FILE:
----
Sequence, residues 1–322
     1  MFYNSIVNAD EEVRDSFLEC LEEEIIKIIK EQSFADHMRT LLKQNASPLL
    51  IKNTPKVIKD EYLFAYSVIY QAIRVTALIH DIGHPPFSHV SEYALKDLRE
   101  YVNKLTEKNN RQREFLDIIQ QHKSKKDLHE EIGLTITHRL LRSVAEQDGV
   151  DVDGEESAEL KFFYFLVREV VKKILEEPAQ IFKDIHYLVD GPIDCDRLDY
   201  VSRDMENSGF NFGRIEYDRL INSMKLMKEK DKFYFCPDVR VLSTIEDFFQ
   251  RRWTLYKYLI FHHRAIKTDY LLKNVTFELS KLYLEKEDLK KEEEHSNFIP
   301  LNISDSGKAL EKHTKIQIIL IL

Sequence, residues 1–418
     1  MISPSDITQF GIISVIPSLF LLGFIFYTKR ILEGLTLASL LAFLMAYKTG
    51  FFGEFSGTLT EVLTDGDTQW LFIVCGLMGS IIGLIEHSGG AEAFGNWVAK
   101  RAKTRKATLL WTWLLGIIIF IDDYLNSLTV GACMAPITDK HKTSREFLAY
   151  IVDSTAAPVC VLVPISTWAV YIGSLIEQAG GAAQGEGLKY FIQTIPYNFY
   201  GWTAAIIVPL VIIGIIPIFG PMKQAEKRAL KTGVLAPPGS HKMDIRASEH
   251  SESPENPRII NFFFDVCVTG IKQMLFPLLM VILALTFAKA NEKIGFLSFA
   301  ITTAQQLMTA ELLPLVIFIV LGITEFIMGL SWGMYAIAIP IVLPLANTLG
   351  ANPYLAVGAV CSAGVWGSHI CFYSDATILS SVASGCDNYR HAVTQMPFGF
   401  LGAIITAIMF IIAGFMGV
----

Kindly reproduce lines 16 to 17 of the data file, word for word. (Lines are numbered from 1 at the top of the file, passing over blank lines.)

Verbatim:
   301  ITTAQQLMTA ELLPLVIFIV LGITEFIMGL SWGMYAIAIP IVLPLANTLG
   351  ANPYLAVGAV CSAGVWGSHI CFYSDATILS SVASGCDNYR HAVTQMPFGF